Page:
It was intended to replace the B and the MG Midget. But both cars were strong sellers – and why mess with success? This car got put away and eventually sold into an MG museum in 1977 having only 100 miles on it. Today it has covered only 374 miles and is all original. It’s one of a kind and it’s the first time it is being offered for public sale. It is expected to bring between $51,000-$66,000. Click here for more info and here for more from this sale.

Update: Sold $83,762.

Update: Not sold, Bonhams Goodwood 2022.

MG Metro 6R4

1985 MG Metro 6R4

Offered by Coys | Birmingham, U.K. | January 16, 2016

Photo - Coys

Photo – Coys

The MG Metro was not an exciting car. In fact, the Metro (which was produced under the Austin, MG, Rover and Morris brands) was originally built as a 1.0-liter front-wheel-drive supermini in England from 1980 through 1990. It could be had as a three or five-door hatchback and three-door van. This is obviously not one of those.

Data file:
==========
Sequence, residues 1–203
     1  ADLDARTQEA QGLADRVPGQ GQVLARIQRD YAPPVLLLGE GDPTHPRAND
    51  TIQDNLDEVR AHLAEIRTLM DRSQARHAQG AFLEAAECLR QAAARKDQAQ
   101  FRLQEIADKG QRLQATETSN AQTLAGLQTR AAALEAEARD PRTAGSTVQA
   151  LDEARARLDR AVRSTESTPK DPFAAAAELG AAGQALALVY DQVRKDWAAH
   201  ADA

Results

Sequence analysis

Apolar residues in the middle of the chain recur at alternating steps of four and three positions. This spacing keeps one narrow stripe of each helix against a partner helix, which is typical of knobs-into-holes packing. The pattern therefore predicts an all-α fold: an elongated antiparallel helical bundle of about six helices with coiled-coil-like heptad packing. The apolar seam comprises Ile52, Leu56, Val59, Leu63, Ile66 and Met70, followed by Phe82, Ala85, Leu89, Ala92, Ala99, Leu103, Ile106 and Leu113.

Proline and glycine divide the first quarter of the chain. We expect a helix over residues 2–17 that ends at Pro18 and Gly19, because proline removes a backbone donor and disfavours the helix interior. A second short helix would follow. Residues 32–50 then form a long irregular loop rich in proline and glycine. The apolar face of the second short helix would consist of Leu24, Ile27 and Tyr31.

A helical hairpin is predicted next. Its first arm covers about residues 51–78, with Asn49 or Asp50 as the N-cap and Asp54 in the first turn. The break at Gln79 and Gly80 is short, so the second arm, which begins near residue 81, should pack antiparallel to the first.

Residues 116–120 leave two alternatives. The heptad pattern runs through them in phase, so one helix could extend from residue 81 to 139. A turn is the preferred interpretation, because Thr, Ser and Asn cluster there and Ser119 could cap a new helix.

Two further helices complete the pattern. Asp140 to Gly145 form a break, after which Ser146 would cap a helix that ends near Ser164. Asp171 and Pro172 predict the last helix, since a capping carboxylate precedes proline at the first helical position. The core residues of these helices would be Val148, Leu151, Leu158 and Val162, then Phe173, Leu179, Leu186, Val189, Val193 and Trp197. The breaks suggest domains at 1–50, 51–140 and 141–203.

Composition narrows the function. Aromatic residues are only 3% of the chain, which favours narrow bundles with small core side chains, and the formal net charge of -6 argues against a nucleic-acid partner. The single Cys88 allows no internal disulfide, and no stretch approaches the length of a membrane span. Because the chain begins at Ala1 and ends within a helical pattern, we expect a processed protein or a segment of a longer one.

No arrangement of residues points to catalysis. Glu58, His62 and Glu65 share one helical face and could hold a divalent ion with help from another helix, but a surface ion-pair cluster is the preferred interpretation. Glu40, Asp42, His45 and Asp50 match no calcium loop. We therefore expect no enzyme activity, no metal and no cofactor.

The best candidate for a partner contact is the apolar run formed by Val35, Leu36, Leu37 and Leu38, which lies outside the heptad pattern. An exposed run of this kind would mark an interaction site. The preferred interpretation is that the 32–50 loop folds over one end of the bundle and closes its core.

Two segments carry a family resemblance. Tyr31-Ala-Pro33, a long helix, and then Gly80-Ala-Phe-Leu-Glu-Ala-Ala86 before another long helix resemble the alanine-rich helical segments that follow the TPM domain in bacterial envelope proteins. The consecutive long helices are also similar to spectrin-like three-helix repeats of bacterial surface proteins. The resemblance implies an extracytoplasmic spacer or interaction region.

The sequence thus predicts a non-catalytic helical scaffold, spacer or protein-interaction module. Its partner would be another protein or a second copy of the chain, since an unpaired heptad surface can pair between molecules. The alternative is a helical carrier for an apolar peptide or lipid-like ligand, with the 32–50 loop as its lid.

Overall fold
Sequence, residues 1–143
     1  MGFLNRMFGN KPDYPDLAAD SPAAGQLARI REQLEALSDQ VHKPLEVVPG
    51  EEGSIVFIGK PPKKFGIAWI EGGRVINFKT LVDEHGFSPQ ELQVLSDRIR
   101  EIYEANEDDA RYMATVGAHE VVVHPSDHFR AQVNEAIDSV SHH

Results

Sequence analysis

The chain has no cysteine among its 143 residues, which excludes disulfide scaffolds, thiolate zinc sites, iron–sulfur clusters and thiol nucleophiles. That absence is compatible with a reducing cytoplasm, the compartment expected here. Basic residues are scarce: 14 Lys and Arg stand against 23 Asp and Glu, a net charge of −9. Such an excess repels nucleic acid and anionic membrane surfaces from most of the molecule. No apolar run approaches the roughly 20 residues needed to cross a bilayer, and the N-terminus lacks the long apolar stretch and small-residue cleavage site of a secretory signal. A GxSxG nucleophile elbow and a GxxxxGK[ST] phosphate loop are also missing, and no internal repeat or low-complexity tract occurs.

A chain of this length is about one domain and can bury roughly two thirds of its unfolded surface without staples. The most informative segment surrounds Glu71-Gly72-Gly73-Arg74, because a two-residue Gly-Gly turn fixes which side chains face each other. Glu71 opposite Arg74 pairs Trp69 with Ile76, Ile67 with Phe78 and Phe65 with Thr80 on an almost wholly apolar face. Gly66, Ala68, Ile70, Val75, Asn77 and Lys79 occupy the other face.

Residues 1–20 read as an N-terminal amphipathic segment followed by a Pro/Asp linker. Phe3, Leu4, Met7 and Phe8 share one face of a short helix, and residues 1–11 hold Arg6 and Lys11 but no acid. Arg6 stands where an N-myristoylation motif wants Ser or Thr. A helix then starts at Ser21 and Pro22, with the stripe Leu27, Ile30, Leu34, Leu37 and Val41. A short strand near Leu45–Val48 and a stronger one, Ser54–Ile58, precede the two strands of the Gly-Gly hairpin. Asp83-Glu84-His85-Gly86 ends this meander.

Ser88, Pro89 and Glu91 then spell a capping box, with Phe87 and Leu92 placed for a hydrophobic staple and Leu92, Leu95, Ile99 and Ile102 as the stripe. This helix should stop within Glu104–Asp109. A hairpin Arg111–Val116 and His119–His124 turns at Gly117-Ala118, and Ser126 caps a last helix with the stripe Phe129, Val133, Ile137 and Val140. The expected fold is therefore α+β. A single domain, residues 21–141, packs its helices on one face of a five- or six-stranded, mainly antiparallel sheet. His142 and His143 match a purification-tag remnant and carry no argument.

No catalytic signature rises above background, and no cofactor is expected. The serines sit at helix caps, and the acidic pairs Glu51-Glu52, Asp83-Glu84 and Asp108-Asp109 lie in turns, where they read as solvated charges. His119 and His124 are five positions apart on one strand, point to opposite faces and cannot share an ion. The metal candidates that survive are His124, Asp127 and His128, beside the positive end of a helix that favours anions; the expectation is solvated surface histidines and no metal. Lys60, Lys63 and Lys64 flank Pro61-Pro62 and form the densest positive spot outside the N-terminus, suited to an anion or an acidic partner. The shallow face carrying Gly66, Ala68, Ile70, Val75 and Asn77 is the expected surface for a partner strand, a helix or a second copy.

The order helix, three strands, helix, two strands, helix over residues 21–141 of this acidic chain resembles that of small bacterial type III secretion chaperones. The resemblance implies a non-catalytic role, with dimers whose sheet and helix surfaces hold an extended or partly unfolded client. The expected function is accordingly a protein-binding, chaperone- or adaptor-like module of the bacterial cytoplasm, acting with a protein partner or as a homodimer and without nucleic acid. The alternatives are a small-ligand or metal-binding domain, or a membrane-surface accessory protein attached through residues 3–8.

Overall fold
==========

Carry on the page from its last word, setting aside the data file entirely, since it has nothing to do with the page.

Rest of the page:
This is what happens when a giant motoring governing body lets people go wild. That’s what Group B Rally represented in the 1980s. The cars that came out of that short-lived era are some of the most collectible rally cars ever built. The 6R4 version of the Metro was built between 1984 and 1987.

In this trim, the engine is mounted behind the driver. It’s a 3.0-liter V-6 – naturally aspirated. Power output was 410 horsepower. Four-wheel drive was permanent. There was even a (slightly neutered) road-going version. Twenty rally versions were built.

This particular car was a Rothmans team rally car. It was never used in anger – mostly at shows and in demonstrations. It has 3,100 miles on it. The pre-sale estimate is between $125,000-$140,000. Click here for more info and here for more from this sale.

Update: Not sold.